It’s exciting to see Shyamalan on such confident footing once more, all these years later.
The hall porter is sent upstairs to repair a blocked toilet, and finds the source of the trouble: A human heart, stuck in the pipes. He asks about the recent occupants of the room, but nobody seems to know anything, not even the helpful hooker who acts like an unofficial member of the staff. The porter, a Nigerian named Okwe, takes it up with his boss, Sneaky, and is advised to mind his own business.
This is a splendid opening for a thriller, but "Dirty Pretty Things" is more than a genre picture. It uses the secret and malevolent activities at the hotel as the engine to drive a story about a London of immigrants, some illegal, who do the city's dirty work. Okwe (Chiwetel Ejiofor) was a doctor in Nigeria, is here as a political exile, has a past that haunts him. He rents couch space in the tiny flat of a chambermaid named Senay (Audrey Tautou, from "Amelie"), who is from Turkey, and fled an arranged marriage. His best friend Guo Yi (Benedict Wong) presides over poker games at the mortuary where he works. His circle also includes the doorman Ivan (Zlatko Buric) and the hooker Juliette (Sophie Okonedo). These characters and the vile night manager Sneaky are the major characters in the story, immigrants all, while white Londoners exist only as customers or immigration officials.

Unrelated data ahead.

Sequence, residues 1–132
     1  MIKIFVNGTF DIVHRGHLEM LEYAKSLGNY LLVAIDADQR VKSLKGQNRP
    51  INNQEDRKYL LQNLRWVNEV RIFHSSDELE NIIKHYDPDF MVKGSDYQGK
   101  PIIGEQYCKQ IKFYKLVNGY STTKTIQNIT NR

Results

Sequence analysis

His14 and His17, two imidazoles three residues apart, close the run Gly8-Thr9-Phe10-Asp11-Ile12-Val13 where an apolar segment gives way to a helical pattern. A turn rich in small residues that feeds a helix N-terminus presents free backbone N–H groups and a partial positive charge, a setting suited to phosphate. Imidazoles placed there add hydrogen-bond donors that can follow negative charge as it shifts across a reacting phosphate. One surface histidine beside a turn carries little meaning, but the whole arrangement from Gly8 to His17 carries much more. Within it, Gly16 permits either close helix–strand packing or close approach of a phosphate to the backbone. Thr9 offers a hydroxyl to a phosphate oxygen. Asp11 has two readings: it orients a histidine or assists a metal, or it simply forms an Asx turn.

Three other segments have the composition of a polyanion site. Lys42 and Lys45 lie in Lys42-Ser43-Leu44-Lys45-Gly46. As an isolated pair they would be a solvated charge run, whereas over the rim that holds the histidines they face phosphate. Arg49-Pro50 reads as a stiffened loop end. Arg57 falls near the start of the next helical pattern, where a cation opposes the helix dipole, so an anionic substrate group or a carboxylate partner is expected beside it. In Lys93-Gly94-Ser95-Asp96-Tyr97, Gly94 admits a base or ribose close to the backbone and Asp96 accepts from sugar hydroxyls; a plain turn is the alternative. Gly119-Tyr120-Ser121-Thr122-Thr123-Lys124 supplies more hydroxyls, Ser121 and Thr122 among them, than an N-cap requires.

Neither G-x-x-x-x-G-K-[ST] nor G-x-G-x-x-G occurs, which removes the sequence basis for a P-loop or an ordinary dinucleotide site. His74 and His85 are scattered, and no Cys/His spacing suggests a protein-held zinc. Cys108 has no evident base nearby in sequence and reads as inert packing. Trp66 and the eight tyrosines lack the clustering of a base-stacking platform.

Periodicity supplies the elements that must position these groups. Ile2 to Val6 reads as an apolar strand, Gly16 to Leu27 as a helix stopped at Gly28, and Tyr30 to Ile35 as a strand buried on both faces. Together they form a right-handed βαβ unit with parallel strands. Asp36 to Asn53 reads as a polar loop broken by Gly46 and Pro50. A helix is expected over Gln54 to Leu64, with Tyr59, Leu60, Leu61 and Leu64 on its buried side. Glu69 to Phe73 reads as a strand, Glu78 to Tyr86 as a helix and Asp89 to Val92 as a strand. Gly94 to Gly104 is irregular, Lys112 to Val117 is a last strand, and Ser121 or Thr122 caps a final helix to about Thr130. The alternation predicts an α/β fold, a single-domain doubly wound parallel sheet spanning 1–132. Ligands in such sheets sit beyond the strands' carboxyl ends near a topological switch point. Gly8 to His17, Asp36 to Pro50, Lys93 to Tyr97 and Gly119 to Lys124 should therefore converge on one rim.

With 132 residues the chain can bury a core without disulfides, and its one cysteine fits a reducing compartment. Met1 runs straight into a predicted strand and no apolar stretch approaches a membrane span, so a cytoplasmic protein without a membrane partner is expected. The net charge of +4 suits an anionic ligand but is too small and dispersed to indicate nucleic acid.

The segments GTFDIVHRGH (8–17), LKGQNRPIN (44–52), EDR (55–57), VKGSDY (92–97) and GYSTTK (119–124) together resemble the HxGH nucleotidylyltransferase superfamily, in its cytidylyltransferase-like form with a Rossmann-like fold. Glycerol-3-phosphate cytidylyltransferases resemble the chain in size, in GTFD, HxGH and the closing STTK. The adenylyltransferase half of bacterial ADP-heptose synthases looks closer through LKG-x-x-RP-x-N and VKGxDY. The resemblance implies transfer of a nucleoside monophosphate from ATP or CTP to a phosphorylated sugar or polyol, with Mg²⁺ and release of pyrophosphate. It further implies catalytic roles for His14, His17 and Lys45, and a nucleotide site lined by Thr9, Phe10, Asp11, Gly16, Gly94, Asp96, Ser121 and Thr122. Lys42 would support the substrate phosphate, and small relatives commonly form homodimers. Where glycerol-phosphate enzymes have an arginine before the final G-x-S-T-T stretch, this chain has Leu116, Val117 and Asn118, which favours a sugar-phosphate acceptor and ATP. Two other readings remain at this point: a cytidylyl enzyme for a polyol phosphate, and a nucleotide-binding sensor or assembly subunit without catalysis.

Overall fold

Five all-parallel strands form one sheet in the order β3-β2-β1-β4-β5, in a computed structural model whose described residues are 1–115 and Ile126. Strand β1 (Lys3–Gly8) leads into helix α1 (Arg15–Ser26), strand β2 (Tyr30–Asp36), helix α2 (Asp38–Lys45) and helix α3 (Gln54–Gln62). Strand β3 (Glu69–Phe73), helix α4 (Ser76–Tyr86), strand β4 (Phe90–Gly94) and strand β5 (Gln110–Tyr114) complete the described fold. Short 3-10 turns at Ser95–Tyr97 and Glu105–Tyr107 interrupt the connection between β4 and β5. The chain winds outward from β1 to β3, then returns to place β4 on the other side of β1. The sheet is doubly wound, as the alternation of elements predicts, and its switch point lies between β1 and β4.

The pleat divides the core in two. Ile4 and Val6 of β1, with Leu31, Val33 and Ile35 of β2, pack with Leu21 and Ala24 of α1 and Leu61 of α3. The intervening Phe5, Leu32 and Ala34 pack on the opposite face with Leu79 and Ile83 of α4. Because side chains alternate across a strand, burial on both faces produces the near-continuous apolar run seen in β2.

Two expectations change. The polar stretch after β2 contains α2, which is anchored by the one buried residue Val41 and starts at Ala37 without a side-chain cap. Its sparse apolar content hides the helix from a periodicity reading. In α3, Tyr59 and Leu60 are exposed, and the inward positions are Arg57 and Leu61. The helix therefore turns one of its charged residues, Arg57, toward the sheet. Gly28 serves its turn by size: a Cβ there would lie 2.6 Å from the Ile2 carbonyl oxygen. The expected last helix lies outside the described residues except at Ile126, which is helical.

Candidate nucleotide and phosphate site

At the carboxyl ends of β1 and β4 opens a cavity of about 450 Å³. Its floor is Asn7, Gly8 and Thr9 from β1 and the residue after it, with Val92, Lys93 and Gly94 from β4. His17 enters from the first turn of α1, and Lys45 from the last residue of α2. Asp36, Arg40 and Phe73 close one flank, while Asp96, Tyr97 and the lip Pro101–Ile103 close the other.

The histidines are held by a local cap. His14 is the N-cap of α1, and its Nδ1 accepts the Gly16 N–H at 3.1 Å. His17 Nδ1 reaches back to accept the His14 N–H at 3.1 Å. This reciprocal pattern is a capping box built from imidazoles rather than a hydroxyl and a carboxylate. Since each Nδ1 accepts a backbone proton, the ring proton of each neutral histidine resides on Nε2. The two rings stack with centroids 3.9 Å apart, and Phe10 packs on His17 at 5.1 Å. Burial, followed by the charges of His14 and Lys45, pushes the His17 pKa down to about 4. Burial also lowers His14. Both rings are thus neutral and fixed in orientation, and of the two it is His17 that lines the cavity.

Okwe works hard at two jobs. He drives a minicab during the day, works all night at the hotel, buys illegal herbs at a local cafe to keep himself more or less awake. He is aware that Senay likes him and would not object if he moved from her couch to her bed, but he must be true to a wife in Nigeria; his faithfulness becomes more poignant the more we learn about the wife ("It is an African story," he says simply).
The heart of the movie, directed by Stephen Frears, is in the lives of these people. How they are always alert to make a little money on the side (as when Okwe and Ivan supply their own cash-only room service sandwiches after the hotel kitchen closes). How they live in constant fear of immigration officials, who want to deport them, even though a modern Western economy could not function without these shadow workers. How there is a network of contact and support in this hidden world, whose residents come from so many places and speak so many languages that they stop keeping score and simply accept each other as citizens of the land of exile.